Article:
New report on horrific sex abuse at Ohio State doesn’t exonerate Jim Jordan

The report says the abuse was an "open secret" when the Ohio congressman was employed by the university.

UNITED STATES - NOVEMBER 14: Rep. Jim Jordan, R-Ohio, leaves the House Republican leadership election in Longworth Building on November 14, 2018. (Photo By Tom Williams/CQ Roll Call)
UNITED STATES - NOVEMBER 14: Rep. Jim Jordan, R-Ohio, leaves the House Republican leadership election in Longworth Building on November 14, 2018. (Photo By Tom Williams/CQ Roll Call)

Richard Strauss, who worked as an Ohio State doctor from 1978 to 1998, sexually abused at least 177 men during his time at the university, according to a 182-page report released by the law firm Perkins Cole on Friday.

The report detailed how Strauss, who committed suicide in 2005, would shower with student-athletes, often multiple times a day; force them to strip naked during routine exams, sometimes for ailments as commonplace as a sore throat; and, in some cases, fondle them to the point of erection and ejaculation during examinations.

But Rep. Jim Jordan (R-OH) — who worked as an assistant coach for the Ohio State wrestling team from 1986 to 1994, and has been accused by at least eight former wrestlers of knowing about Strauss’ abuse and failing to report it — was pleased by the report’s findings. 

“It confirms everything I’ve said before,” Jordan told reporters on Capitol Hill on Friday. “I didn’t know about anything. If I would’ve, I’d have done something.”

While the report did not mention Jordan by name, it also did not confirm that he knew nothing.

In fact, according to the report, many former students interviewed were adamant that Strauss’ abuse was an “open secret” on campus — that athletes, coaches, trainers, and administrative staff were all aware of Strauss’ propensity to shower with students, often multiple times a day, but took no steps to protect them.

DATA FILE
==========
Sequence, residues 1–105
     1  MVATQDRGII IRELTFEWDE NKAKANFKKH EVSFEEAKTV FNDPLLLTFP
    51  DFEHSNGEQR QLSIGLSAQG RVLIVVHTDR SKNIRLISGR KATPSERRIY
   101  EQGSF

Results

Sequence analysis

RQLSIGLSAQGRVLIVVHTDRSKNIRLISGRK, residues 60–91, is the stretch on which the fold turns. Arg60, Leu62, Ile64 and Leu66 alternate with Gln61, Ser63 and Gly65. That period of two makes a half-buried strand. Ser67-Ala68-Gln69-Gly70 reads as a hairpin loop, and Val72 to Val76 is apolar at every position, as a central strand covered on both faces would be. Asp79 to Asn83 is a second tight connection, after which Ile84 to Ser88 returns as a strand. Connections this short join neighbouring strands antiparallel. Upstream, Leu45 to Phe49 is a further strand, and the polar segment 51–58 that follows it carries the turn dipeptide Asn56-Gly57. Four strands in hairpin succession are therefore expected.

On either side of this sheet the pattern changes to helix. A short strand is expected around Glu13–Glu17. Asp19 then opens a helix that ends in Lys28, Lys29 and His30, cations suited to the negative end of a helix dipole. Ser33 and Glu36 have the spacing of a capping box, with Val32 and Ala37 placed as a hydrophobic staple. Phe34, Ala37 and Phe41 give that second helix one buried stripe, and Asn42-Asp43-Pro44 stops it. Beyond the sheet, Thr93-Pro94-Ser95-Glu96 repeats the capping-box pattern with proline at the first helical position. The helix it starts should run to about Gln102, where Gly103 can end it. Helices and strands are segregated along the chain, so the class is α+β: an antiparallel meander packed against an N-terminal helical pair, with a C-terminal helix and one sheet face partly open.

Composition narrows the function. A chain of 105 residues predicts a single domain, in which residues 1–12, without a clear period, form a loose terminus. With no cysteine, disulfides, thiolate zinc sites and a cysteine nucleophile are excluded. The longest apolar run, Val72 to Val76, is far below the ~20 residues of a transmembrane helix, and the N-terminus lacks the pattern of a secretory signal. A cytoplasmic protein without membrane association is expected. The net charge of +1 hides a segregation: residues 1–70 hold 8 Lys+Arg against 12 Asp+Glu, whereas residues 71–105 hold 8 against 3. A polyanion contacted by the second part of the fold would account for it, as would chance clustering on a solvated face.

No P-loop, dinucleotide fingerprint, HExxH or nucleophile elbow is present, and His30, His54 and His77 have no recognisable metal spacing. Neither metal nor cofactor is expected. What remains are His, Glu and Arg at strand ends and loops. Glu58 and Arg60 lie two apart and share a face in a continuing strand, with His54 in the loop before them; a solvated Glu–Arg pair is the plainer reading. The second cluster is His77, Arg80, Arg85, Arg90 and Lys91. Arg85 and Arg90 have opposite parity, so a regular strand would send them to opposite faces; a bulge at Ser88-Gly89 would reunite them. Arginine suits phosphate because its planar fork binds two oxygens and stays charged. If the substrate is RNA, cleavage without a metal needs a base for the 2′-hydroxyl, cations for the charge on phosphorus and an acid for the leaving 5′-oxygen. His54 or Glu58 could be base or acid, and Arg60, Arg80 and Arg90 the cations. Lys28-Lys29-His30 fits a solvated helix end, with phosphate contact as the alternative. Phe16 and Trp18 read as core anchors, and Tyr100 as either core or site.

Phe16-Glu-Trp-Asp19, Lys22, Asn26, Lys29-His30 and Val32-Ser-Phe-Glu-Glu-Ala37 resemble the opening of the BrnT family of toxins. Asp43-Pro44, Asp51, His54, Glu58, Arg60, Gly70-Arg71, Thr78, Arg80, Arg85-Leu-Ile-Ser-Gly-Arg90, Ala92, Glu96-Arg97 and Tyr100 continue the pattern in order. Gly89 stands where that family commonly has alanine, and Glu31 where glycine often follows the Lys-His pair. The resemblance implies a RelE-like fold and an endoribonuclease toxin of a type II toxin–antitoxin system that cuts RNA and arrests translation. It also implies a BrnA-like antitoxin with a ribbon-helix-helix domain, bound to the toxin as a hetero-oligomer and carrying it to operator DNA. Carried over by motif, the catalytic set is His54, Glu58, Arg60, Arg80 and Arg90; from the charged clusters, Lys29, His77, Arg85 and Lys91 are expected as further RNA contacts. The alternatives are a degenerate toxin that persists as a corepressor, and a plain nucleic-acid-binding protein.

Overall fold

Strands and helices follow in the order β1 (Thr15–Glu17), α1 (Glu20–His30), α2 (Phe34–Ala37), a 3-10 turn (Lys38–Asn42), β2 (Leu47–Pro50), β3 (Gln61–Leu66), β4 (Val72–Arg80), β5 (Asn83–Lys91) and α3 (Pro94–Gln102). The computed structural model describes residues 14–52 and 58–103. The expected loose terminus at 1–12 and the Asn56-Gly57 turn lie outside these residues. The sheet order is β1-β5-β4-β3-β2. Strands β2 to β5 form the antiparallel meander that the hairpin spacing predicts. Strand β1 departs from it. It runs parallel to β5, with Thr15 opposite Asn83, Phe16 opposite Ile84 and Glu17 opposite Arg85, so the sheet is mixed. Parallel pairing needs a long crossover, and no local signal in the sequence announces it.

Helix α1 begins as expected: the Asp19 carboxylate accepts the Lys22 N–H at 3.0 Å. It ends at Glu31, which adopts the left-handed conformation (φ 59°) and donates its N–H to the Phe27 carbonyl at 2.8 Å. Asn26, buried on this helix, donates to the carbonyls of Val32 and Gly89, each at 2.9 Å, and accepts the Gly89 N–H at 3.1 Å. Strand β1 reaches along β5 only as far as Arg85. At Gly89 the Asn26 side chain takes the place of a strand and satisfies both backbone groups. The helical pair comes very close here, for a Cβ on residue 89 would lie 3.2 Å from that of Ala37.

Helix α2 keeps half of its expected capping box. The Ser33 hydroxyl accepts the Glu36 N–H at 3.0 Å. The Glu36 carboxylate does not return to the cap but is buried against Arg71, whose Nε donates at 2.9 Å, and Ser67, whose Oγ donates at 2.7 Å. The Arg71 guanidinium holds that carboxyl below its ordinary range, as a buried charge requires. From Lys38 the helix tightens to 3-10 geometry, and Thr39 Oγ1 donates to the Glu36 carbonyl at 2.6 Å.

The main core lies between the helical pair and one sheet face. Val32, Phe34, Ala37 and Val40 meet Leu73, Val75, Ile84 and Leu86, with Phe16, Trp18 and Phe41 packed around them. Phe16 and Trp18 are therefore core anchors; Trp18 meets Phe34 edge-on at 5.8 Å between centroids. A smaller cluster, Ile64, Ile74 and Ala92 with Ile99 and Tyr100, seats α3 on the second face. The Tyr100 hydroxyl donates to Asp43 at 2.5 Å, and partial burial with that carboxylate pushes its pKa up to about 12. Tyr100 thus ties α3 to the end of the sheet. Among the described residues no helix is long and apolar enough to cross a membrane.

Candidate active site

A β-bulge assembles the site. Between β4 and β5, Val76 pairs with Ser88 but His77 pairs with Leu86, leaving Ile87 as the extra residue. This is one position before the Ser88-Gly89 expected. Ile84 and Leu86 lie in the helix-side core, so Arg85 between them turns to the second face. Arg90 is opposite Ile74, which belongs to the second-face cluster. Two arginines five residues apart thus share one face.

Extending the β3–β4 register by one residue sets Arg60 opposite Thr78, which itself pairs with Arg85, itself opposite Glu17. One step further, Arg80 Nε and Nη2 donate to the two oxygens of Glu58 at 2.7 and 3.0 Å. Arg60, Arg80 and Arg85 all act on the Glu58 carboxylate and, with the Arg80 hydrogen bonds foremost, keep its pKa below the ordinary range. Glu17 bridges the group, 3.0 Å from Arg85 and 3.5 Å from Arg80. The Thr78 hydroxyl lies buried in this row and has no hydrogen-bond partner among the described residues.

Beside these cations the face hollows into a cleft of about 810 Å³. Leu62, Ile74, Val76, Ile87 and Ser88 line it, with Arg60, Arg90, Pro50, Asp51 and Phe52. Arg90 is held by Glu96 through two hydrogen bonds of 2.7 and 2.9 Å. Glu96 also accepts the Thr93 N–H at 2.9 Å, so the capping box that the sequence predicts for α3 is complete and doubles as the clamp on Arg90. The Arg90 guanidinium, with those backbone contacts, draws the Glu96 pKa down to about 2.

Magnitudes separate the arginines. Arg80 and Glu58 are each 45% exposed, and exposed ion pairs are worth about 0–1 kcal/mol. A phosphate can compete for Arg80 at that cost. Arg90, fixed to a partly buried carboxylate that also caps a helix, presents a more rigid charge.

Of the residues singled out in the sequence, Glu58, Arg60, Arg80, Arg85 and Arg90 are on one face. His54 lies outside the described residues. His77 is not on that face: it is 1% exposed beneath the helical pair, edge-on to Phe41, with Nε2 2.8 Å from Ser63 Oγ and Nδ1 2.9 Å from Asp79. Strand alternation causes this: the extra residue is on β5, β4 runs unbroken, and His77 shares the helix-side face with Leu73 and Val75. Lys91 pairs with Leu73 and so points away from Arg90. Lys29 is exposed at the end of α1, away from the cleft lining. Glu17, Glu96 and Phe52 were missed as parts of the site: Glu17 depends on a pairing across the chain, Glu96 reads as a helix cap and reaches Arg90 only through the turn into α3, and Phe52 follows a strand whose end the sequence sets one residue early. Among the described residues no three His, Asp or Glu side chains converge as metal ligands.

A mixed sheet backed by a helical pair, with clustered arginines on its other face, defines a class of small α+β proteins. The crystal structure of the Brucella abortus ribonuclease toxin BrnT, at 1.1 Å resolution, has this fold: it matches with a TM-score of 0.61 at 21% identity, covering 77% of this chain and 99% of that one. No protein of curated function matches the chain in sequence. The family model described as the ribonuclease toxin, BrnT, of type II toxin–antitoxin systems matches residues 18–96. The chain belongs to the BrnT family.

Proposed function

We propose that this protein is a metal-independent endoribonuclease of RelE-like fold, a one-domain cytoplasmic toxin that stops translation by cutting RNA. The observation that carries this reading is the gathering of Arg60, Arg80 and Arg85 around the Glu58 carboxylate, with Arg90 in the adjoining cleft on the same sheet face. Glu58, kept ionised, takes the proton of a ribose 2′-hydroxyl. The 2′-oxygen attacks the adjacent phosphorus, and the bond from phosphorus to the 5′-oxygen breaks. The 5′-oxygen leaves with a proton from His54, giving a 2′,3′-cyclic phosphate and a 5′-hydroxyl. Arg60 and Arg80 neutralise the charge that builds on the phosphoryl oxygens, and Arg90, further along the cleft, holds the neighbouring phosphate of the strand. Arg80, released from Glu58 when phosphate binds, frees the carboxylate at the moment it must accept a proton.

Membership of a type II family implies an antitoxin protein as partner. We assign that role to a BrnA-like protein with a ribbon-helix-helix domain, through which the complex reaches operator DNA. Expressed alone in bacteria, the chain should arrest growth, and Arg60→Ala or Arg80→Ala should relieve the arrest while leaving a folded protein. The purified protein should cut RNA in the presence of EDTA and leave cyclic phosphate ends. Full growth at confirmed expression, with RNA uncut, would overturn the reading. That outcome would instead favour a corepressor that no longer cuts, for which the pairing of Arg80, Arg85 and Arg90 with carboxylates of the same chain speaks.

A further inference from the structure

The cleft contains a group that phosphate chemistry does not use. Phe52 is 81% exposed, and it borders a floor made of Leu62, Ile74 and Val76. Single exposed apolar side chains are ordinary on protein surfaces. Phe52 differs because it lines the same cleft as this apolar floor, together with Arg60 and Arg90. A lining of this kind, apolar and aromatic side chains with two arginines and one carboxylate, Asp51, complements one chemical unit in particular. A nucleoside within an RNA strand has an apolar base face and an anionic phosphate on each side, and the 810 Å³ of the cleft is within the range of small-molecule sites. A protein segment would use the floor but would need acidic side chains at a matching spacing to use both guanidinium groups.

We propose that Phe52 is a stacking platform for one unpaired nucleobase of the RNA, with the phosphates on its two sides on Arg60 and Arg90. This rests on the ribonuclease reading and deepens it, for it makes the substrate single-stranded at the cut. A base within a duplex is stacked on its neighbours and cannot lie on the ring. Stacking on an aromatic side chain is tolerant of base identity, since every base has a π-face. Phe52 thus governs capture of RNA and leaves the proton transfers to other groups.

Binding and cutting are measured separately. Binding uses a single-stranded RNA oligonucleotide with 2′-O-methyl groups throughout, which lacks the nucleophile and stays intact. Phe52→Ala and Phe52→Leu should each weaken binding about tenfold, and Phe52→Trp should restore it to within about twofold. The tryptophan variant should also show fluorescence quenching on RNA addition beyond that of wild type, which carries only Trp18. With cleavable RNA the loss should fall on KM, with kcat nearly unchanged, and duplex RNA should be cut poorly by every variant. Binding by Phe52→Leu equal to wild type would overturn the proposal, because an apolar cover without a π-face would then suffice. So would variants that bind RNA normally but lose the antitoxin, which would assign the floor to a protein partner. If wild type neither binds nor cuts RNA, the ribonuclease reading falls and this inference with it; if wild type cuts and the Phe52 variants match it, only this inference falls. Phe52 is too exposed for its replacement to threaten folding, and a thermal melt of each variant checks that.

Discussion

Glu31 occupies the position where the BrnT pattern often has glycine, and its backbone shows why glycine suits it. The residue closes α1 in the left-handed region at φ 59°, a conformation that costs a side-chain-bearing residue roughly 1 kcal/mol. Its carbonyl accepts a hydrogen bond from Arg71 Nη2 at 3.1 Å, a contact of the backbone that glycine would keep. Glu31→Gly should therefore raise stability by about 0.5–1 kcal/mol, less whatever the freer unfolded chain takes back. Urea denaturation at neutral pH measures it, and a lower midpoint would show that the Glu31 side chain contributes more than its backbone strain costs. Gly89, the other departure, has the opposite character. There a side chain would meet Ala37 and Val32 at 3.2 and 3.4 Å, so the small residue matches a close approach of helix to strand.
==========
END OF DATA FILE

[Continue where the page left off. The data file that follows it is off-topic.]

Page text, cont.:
“[W]e find that University personnel had knowledge of Strauss’ sexually abusive treatment of male student-patients as early as 1979, but that complaints and reports about Strauss’ conduct were not elevated beyond the Athletics Department or Student Health until 1996,” the report says.

“It was outside the scope of our fact-finding mandate to reach legal conclusions, including wither the University — or any University personnel — acted in accordance with applicable University policies or Ohio mandatory reporting laws in place at the time.”

Over the past year, Jordan has repeatedly denied that he knew anything about Strauss’s abuse — except the locker room chatter he overheard.

“Conversations in a locker room are a lot different than people coming up and talking about abuse. No one ever reported any abuse to me,” he said on Fox News last July.

In the same interview, Jordan attacked the motives of the men who were making the allegations, saying one of them had a “vendetta” against Ohio State. Jordan also claimed that he was being “bullied” by Strauss’ victims, who were disappointed that he wasn’t using his powerful platform to help them seek justice.

But his denials have not satisfied the men he used to coach.

“There’s no way unless he’s got dementia or something that he’s got no recollection of what was going on at Ohio State,” said one of Strauss’s alleged victims, former UFC world champion Mark Coleman.


Despite the allegations that Jordan knew about Strauss’ abuse and did not act to protect student-athletes — which led to widespread calls for his resignation — the Ohio congressman easily won another term in 2018. He is currently serves in a leadership role on the House Oversight Committee.